Last night's tweets;
My arrabbiata's nude of noodles.
Garlic's the goal of the noblest searches.
Sweetly physical are the heart's doodles.
Strange women smoke in the biggest churches.
Oof. Bad headache to-day. I don't think I had enough caffeine yesterday because I barely slept for the fact that my head felt like it was shrinking every few minutes. I stayed in bed until 3pm, but still crawled out feeling oh so shitty. Must press on . . .
In Second Life last night, Toubanua gothed it up at Edelweiss' absolutely amazing recreation of Mount Saint Michel;
I found myself noticing how odd Toubanua looked last night compared to everyone else. This is a pretty typical look in SL;
No-one seems to feel funny about having Michael Jackson noses in Second Life. Which really brings home the reality that Jackson wasn't so strange, just in a peculiar position. I have a feeling Toubanua's pretty unnattractive by the standards of most SL people for her actually larger than average nose. What is this aesthetic humanity's moving towards? If it weren't for the huge lips, I'd say it's all about easing into people just having fleshless skulls.
Give me Barbara Stanwyck and Audrey Hepburn.
Instead of Buffy the Vampire Slayer last night, I watched the season premiere of Dollhouse. Very nice. I especially liked Whiskey/Dr. Saunder's business with Topher. It reminded me of Roy Batty with Tyrell except Tohper's a little more sympathetic. It was a good exploration of the possible psychological implications of living and working alongside the person who created you--her attempts to guess Topher's intentions with her by reverse deduction using her own personality as clues was great. The very human network of excuses she tells herself to prevent her from leaving the dollhouse had great resonance. This was some of the best writing in Joss Whedon's career.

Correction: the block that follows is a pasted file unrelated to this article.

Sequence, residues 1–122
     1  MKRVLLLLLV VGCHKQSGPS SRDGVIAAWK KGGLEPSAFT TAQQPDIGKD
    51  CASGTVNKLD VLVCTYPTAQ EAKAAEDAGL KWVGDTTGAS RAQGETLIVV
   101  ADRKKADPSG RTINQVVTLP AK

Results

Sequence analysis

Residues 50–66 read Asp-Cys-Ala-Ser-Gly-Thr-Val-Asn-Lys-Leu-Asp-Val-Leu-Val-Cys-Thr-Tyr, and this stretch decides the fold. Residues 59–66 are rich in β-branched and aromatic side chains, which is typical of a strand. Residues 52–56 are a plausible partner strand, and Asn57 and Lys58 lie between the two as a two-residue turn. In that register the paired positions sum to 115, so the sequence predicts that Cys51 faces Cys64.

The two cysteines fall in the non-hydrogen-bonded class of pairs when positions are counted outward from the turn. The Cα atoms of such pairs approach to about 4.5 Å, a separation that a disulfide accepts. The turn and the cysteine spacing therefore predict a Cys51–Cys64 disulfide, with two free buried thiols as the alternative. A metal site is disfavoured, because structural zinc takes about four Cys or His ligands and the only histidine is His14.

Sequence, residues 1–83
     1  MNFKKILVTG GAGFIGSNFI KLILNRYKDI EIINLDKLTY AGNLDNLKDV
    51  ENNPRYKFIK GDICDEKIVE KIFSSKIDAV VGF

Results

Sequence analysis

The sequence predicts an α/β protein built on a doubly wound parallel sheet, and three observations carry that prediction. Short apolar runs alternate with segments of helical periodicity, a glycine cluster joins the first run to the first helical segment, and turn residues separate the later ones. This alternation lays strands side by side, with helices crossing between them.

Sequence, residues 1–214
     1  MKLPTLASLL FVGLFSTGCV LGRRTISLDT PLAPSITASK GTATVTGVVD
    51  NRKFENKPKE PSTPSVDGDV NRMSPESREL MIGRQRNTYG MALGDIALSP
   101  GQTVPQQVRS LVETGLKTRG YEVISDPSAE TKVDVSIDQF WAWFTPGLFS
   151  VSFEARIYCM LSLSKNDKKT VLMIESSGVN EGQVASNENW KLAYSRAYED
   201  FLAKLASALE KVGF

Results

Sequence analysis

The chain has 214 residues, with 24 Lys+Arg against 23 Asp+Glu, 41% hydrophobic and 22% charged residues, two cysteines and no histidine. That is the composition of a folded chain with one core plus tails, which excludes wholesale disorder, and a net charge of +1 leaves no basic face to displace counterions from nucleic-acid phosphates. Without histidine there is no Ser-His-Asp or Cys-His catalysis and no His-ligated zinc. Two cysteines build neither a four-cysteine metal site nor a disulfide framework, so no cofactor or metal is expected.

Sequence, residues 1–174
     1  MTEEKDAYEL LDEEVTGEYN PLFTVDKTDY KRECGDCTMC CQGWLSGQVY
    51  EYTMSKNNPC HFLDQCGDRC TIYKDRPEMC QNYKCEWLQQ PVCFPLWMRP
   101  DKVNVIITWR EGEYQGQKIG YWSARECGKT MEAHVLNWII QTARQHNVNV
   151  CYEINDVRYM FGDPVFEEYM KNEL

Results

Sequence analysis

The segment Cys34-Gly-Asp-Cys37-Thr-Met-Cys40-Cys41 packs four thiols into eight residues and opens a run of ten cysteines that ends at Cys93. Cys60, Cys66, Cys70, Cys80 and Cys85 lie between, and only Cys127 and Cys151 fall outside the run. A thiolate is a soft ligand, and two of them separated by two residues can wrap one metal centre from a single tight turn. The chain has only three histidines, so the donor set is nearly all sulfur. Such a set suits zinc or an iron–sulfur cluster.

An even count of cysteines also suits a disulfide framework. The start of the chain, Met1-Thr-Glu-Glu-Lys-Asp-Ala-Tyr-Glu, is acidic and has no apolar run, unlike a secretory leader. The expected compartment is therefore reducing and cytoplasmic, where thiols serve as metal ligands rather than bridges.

At Tim's house last night, I watched a bunch of production diaries for Star Wars: The Old Republic, the upcoming Star Wars MMORPG. On the one hand, I love BioWare's attention to dialogue and player interaction through dialogue. I think it might add the story element that's sorely lacking in MMORPGs to-day. On the other hand, I wish the dialogue trees were written by people with a better grasp on human nature. An example Tim and I watched of someone getting dark side points for killing a guy where he wouldn't have gotten dark side points for not killing him and using him to kill lots more people was sadly indicative of something too common in computer RPGs--it's not really a simulation of human interaction, it's a puzzle box dressed as human interaction. But I can't help feeling a system like this could be used to tell stories about characters.
There just needs to be more imaginative people at the helm. I noticed nearly all the male characters sounded like Clint Eastwood and all the female characters sounded like phone sex operators. Not to mention it features more of the intensely loud, silly, and ugly wardrobe designs of the Knights of the Old Republic series.